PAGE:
Nintendo: “Make New Games Like Old”
It was probably because video games were simple to learn and fun to play—you could beat bosses and clear levels quickly and easily.
But you’ve grown up, and so have video games. Does that mean that they can’t be simple fun like we once remembered them to be?
Nintendo’s Shigeru Miyamoto—the man who led the creation of the first Super Mario Bros. and Zelda—is trying to figure out how to put the pure fun back into new games.
Miyamoto has noticed that Nintendo’s big games have been slow-starters, mostly because there are a lot of complex actions you need to learn before you can actually start the game.
How much fun is it to go through a series of tutorials before you even start Level 1? Miyamoto knows this and hopes to bring back the “pick up and play” aspect back to new games.
So how do you satisfy die-hard fans who are always craving something bigger and better, yet still keep the game accessible to newer generations of gamers?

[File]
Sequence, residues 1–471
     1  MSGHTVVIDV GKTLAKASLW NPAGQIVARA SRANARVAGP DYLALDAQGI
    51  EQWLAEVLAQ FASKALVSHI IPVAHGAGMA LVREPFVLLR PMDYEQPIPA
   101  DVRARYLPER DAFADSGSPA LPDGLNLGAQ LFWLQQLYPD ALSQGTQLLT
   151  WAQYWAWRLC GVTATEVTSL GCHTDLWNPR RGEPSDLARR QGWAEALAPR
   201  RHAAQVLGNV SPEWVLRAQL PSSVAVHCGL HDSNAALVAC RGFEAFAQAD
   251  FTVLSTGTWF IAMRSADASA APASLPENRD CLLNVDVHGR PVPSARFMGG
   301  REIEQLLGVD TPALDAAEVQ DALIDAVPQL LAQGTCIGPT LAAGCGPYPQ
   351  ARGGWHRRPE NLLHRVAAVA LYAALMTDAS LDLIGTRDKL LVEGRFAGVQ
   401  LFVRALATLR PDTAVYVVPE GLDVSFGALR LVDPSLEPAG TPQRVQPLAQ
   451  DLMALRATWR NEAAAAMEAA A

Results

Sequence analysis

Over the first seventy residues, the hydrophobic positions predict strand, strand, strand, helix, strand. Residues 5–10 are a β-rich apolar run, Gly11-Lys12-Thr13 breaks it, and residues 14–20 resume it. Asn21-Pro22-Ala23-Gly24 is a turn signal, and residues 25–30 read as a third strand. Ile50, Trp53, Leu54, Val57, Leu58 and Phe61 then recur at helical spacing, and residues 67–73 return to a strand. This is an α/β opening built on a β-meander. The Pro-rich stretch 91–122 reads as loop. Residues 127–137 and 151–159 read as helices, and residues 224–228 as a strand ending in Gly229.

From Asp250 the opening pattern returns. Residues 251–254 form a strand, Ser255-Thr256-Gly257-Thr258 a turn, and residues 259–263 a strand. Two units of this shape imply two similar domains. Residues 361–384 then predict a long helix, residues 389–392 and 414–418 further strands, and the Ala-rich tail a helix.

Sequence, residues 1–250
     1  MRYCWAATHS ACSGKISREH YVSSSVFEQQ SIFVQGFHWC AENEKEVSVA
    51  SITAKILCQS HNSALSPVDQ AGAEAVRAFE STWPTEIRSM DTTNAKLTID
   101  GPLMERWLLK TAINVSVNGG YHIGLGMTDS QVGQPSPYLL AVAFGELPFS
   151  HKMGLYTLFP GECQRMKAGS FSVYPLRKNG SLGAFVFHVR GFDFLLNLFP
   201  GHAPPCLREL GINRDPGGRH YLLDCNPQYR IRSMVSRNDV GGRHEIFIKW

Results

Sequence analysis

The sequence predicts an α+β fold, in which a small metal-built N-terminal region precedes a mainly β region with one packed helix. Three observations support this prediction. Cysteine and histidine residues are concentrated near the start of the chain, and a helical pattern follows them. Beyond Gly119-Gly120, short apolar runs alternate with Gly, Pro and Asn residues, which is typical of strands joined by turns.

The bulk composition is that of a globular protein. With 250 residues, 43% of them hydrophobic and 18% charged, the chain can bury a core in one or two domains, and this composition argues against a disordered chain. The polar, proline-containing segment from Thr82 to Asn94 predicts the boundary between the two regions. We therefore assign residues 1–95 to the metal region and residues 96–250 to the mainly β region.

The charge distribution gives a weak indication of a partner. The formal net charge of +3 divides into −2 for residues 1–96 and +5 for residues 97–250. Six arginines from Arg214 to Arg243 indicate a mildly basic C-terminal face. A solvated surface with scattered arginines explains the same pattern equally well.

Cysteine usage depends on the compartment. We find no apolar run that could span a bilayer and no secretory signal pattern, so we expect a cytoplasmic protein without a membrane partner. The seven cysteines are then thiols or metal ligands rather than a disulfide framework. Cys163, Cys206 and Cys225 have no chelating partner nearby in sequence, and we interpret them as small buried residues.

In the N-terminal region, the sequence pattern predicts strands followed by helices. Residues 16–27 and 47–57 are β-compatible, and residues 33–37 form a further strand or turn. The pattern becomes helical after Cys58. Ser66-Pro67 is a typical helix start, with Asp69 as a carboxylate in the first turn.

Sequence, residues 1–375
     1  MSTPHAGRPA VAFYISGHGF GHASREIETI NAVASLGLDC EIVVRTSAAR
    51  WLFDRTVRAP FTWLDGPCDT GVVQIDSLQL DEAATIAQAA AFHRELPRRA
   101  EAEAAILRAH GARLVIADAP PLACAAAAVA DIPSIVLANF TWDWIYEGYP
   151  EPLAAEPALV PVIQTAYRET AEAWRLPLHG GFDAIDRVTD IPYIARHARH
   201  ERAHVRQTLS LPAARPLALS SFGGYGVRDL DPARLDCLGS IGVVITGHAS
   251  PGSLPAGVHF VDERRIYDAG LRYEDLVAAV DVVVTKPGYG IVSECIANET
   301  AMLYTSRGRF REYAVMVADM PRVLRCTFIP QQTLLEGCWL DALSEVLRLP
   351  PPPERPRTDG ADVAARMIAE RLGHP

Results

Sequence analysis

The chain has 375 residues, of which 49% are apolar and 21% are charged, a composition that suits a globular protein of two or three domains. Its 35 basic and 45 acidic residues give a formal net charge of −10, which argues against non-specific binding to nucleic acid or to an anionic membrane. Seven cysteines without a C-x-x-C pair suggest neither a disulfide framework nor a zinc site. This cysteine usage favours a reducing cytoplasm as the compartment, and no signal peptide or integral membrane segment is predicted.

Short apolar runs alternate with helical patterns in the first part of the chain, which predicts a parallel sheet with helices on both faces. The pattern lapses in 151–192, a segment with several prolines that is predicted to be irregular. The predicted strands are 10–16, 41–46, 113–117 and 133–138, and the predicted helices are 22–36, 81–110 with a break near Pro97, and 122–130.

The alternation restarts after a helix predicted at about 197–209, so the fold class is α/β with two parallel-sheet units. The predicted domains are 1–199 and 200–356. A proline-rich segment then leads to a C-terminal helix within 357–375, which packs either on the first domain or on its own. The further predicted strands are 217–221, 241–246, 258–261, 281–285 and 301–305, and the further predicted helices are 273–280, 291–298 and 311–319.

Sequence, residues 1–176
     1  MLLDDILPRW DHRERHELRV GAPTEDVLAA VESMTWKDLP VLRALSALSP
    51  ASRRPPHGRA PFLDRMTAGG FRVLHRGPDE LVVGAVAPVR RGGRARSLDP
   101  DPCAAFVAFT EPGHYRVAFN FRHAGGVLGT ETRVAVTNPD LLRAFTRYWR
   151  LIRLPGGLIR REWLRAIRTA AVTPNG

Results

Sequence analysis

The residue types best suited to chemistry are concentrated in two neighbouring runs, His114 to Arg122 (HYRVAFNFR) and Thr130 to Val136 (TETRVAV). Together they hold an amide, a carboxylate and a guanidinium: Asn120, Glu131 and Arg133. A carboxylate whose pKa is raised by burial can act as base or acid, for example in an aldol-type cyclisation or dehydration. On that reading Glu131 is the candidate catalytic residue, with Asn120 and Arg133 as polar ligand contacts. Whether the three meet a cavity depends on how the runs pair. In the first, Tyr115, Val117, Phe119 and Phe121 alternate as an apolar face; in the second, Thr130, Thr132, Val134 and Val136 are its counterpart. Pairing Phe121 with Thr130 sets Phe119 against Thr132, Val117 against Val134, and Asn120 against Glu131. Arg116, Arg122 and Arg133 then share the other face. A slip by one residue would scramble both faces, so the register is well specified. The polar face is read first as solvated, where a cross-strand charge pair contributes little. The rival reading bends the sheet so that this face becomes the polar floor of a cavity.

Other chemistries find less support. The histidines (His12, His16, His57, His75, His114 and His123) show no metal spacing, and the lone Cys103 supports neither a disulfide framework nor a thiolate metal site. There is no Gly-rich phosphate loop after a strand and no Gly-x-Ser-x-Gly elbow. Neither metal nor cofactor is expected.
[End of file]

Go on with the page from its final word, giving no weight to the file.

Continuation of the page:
It seems to be the million-dollar question that Miyamoto and other executives at Nintendo are struggling to figure out. So far, it seems the best answer is to return to the pure, simple formula of classic video games.
Think about the first levels of Super Mario Bros.—it consisted of learning how to flatten goombas and hit bricks to reveal prizes. You built on these skills until you ultimately beat Bowser and rescued the Princess.
It doesn’t have to mean that video games need to be simpler, but rather that they should have a quicker learning curve. Doing so will hopefully attract new and old games alike.